They say they are prepared to attend a meeting with the European Commission on October 18, but are also planning a separate meeting on the same day to discuss further action.
The news came at the same time that Ryanair boss Michael 'Leary said he was, "I am hopeful and optimistic that we are making real progress with the unions."
More strike days are being pencilled in between now and Christmas and will once again involve Ryanair cabin crew from Spain, Italy, Portugal, Germany, Belgium and the Netherlands.
The action follows on from a 24-hour walkout on September 28, when about 30,000 Ryanair passengers were affected by some 250 flight cancellations.
The unions later hailed the strike as a success, although Ryanair insisted the disruption caused had been minimal and 92 per cent of its services had operated as normal.
A statement issued today by the Spanish unions said: "USO and SITCPLA, together with the Portuguese, Italian, Dutch, Belgian and German trade unions, will hold a new meeting with the Cabinet Chiefs of Commissioners on October 18 in Brussels to address the conflict with Ryanair."
Antonio Escobar, responsible for External Relations of SITCPLA, added: "From this meeting, we hope that the European Commission will put in place some mechanism to force Ryanair to apply, immediately, the national legislation to its workers.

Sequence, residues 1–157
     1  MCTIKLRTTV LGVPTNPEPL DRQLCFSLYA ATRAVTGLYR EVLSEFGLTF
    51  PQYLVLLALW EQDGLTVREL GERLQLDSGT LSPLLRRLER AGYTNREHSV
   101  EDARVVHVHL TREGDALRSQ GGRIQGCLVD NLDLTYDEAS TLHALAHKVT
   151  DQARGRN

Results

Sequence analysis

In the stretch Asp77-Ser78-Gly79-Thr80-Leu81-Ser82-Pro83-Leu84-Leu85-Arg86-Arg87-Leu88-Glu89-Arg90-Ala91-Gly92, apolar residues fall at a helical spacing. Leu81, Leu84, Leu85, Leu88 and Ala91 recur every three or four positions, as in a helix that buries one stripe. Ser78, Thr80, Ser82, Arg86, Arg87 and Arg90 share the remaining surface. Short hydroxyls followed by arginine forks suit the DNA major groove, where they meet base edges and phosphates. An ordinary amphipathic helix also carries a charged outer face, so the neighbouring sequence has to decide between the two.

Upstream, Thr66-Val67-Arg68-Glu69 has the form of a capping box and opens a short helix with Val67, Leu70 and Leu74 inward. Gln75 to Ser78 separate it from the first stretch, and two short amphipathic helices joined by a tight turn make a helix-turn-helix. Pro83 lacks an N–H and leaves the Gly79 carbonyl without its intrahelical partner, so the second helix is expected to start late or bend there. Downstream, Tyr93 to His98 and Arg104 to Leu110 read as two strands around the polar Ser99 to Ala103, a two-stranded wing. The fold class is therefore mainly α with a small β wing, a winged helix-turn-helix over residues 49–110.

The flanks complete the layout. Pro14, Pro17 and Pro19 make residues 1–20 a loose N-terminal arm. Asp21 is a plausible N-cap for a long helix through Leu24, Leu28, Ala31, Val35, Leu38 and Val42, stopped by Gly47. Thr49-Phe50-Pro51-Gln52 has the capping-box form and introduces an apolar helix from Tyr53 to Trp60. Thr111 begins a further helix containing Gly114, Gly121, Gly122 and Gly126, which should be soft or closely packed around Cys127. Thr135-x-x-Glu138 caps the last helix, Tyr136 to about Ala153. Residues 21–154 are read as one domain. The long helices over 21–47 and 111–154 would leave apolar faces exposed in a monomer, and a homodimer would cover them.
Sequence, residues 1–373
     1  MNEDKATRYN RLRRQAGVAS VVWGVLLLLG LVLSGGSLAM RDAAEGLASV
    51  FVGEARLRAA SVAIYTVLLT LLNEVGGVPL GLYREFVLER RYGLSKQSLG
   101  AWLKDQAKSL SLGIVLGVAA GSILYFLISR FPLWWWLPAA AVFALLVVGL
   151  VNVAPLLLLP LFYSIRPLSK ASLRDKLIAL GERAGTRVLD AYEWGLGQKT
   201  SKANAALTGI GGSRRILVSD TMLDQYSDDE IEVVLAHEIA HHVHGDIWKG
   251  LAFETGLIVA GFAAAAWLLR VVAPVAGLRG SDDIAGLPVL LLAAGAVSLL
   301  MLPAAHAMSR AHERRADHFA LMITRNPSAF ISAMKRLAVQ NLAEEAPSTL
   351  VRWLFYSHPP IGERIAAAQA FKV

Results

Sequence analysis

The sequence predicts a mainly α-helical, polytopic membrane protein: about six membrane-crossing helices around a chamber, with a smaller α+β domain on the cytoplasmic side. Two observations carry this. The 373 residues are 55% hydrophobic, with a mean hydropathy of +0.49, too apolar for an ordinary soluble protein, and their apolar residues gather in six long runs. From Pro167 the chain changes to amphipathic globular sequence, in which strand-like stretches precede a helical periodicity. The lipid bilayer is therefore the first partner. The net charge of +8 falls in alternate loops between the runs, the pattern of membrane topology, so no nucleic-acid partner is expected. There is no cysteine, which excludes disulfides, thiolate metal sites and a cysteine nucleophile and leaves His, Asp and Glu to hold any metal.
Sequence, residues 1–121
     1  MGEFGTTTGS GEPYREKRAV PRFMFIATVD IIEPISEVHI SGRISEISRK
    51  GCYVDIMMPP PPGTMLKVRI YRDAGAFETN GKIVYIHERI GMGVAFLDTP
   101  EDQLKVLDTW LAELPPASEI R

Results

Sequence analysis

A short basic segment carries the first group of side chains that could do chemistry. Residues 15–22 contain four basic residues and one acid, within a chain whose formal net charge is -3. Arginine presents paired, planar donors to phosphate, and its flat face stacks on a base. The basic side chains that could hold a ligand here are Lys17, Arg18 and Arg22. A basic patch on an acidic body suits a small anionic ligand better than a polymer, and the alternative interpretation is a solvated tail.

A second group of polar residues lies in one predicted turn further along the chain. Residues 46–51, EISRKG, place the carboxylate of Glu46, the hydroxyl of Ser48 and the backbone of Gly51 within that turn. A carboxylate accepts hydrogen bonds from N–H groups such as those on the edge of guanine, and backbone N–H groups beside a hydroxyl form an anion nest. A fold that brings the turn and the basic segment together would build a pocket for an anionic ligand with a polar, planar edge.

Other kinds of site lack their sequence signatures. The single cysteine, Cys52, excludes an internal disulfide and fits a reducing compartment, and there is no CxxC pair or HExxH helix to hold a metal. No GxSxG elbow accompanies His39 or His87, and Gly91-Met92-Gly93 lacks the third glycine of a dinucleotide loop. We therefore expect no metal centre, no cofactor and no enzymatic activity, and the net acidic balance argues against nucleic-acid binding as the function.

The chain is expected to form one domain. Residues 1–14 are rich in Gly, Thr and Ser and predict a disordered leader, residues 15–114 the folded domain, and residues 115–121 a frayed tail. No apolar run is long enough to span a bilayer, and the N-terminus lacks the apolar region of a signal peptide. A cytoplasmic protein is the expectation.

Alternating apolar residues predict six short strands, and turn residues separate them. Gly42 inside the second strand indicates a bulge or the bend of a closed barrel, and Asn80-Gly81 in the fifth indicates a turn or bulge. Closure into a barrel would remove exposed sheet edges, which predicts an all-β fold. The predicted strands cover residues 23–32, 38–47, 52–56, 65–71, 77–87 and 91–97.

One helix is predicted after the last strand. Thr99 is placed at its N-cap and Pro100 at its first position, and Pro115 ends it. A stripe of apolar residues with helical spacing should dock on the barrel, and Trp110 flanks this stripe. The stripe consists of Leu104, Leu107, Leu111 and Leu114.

"In addition to this meeting with the European Commission, the same October 18, the eight unions that defend the claims of cabin crew and Ryanair pilots will meet to agree future actions in the coming months."
Ernesto Iglesias, responsible for the USO flight sector, claimed: "Ryanair is not open to negotiate but to impose its conditions, so on the table are the next calls for strikes at European level, from here to Christmas, until Ryanair puts aside the campaigns to clean up their image."
Meanwhile, Ryanair Chief Executive Michael O'Leary said yesterday that he was "hopeful and optimistic" that industrial relations issues would not damage the airline further this year after strikes contributed to a rare profit warning last week.
In an interview with Reuters in Brussels, he said: "I am hopeful and optimistic that we are making real progress with the unions and that we won't have any further damage to the business this year."
The airline boss pointed to breakthroughs in talks with unions in Ireland and Italy and said Ryanair "hopes to make similar progress in other countries in the coming months."
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